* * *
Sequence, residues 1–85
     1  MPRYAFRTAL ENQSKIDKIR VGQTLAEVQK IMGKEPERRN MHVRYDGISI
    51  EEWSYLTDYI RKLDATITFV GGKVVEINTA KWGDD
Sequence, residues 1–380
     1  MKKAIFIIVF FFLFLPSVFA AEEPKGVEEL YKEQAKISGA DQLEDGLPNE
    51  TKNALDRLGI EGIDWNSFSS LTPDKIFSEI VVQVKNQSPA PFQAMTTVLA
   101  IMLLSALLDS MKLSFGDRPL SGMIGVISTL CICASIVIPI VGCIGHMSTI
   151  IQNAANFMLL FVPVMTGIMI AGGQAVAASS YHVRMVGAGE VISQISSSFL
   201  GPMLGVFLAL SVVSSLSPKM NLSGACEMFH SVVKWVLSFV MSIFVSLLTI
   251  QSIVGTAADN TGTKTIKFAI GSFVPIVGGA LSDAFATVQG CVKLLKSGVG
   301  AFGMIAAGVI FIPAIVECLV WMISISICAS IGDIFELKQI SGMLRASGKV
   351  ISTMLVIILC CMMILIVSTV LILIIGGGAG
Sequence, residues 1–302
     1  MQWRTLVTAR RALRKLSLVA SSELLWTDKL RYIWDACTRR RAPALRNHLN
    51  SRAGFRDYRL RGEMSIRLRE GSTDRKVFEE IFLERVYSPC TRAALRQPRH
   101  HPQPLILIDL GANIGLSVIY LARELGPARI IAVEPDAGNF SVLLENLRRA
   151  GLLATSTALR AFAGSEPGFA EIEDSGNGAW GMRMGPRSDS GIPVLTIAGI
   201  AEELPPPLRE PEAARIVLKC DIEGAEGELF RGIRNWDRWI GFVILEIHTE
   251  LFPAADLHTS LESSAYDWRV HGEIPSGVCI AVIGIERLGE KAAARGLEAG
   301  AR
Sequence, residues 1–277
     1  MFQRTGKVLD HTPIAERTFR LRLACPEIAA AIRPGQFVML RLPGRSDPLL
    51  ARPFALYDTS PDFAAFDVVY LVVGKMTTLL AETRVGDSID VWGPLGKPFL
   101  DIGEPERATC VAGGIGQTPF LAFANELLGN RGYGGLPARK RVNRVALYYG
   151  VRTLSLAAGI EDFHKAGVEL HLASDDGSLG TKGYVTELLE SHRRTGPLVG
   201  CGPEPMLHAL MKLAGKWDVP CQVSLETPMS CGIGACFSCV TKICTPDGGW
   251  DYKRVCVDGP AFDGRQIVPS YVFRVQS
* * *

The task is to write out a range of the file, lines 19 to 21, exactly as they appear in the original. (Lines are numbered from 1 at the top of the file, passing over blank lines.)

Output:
   251  LFPAADLHTS LESSAYDWRV HGEIPSGVCI AVIGIERLGE KAAARGLEAG
   301  AR
Sequence, residues 1–277